Pennsylvania will spend $3.9 million on a pair of studies to explore the potential health effects of fracking, after months of pressure from families of cancer patients in Washington County.
The families traveled to Harrisburg Monday to make their case to state legislators and Gov. Tom Wolf. Several had lost relatives to Ewing sarcoma, an exceedingly rare form of bone cancer that mainly afflicts children.
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On Thursday, the state announced the Department of Health would partner with an as-yet-unnamed academic institution to conduct the studies. The state says Gov. Wolf petitioned the Department of Health to look into the issue back in July.
“It took a while to flesh out exactly what type of studies we wanted to do and then (figure out) the funding,” said Dr. Rachel Levine, Pennsylvania’s Secretary of Health. “But we take the concern expressed by the families … very seriously.”
Levine said funding will come from the Department of Health, and that the department had yet to determine which academic institution to partner with on the studies.
“This is important enough that we wanted to talk about the studies even before we have that detailed information,” Levine said.
Dozens of children and young adults have been diagnosed with Ewing sarcoma and other forms of cancer in a four-county area outside Pittsburgh, where energy companies have drilled more than 3,500 wells since 2008. The cases were first reported by the Pittsburgh Post-Gazette.
Ewing sarcoma has no known environmental cause. But the families nevertheless suspect that drilling and hydraulic fracturing, the method that energy companies use to extract natural gas from shale rock, played a role. They have been pressing the Wolf administration for an investigation into any possible link between the illness and shale gas development — and confronted Wolf at the Capitol on Monday.
“I want to thank the families that have shared their heartbreaking stories,” Wolf said in a statement Friday. “I understand and support the concerns of parents and desire of community members to learn more about the possible reasons for these cancer cases.”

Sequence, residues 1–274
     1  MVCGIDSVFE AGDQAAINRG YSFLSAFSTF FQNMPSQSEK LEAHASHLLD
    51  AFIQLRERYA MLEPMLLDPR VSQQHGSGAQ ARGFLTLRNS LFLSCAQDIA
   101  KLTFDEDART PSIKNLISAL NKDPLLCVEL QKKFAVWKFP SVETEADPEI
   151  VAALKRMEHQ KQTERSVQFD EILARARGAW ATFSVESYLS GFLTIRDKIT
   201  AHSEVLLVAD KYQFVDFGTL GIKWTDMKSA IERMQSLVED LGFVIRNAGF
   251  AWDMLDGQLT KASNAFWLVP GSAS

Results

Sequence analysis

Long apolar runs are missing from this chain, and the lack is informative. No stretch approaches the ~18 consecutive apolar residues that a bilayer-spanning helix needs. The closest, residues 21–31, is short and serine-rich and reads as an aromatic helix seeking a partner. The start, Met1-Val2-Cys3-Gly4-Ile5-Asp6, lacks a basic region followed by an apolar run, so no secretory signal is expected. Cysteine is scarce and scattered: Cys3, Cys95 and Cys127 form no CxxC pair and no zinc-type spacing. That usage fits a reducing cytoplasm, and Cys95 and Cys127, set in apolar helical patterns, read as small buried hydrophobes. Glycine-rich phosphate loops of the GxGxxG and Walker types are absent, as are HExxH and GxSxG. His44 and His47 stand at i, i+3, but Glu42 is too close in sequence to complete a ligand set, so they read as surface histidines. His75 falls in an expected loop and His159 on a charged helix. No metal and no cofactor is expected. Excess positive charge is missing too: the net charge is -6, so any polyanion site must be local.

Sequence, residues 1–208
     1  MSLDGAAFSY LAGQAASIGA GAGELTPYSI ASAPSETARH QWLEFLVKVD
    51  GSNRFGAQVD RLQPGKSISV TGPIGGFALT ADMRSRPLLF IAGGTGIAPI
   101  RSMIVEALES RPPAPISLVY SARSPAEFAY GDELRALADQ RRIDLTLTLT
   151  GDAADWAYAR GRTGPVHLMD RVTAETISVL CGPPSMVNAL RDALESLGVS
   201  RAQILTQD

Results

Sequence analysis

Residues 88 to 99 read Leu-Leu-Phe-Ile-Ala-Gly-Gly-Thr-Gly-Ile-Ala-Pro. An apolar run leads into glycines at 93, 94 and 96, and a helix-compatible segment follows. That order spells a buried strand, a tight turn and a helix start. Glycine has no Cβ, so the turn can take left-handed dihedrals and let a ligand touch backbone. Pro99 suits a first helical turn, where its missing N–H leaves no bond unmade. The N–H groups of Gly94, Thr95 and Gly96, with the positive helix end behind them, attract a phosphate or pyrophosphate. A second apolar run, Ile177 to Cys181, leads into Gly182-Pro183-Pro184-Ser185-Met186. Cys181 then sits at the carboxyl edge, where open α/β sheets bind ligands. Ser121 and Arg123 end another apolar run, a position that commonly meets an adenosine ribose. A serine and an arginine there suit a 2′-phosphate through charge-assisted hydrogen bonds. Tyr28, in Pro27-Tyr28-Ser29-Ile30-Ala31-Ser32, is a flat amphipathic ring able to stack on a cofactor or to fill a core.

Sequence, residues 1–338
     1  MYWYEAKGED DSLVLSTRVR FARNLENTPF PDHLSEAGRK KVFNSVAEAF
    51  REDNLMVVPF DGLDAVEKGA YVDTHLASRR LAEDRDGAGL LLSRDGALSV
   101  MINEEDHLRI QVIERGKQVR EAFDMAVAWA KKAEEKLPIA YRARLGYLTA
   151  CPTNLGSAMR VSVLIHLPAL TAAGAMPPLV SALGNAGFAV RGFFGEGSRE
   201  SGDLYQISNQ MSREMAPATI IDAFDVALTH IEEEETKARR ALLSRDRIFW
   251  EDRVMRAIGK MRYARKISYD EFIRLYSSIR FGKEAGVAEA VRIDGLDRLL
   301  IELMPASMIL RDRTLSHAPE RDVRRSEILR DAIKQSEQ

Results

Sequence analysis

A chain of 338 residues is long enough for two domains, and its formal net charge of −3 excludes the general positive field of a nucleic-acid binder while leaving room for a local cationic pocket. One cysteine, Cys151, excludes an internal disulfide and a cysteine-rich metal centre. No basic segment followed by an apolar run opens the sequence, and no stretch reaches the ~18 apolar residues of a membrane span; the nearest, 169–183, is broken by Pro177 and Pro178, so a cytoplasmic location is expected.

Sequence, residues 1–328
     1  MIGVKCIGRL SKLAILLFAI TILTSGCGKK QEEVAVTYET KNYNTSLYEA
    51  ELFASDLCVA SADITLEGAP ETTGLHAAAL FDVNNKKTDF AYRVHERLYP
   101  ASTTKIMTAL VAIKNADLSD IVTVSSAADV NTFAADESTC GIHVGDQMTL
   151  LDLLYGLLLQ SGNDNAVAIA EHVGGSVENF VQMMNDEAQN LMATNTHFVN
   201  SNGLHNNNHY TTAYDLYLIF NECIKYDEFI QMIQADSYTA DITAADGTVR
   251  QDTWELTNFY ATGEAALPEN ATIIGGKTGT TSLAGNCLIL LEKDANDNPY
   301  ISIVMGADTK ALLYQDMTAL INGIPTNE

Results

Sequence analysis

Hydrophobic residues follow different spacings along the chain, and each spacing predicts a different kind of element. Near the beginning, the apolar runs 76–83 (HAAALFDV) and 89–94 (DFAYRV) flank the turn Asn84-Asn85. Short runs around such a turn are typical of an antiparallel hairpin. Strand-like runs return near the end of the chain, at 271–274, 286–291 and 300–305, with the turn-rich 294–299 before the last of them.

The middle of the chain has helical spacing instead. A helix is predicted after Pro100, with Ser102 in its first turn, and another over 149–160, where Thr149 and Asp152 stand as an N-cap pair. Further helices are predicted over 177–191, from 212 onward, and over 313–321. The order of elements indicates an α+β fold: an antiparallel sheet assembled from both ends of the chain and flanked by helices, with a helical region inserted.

The research, he said, is meant to address “the concern that there is a relationship between hydraulic fracturing and childhood cancers.”
One study will look at whether natural gas development has any role in health effects like asthma, or adverse birth outcomes. It will be attempting to replicate studies done in other parts of the state. This time, it will focus on southwestern Pennsylvania.
In the other study, researchers will look at whether living near fracking activities correlates with increased incidence of rare childhood cancers, including Ewing sarcoma.
The Marcellus Shale Coalition said in a statement it was “committed to working closely with the administration on this research” and would “encourage state officials to neutrally, fairly and without bias evaluate all potential factors” of the cancers.
Carla Marratto Cumming, whose brother, Luke Blanock, died of Ewing sarcoma in 2016 at the age of 19, was among those who petitioned the governor Monday. She said the studies are a good first step.
“There’s obviously something going on — we just want to know what’s going on with specific, unbiased facts,” she said.
Heaven Sensky, an organizer with the Center for Coalfield Justice who’d worked with the family members, said it was a “monumental” decision for the families.
“We came in with a united goal…and it wasn’t to ban fracking. We want an investigation that looks at the correlation,” she said.
She praised the family members who advocated for the study. “They are unbelievably selfless, and they are reliving their deepest trauma over and over for the sake of others and they are nothing short of heroic. And I am confident they’re not going to stop until they feel they’ve gotten a just investigation.”
The Associated Press contributed to this report.
This story is produced in partnership with StateImpact Pennsylvania, a collaboration among The Allegheny Front, WESA, WITF and WHYY to cover the commonwealth's energy economy.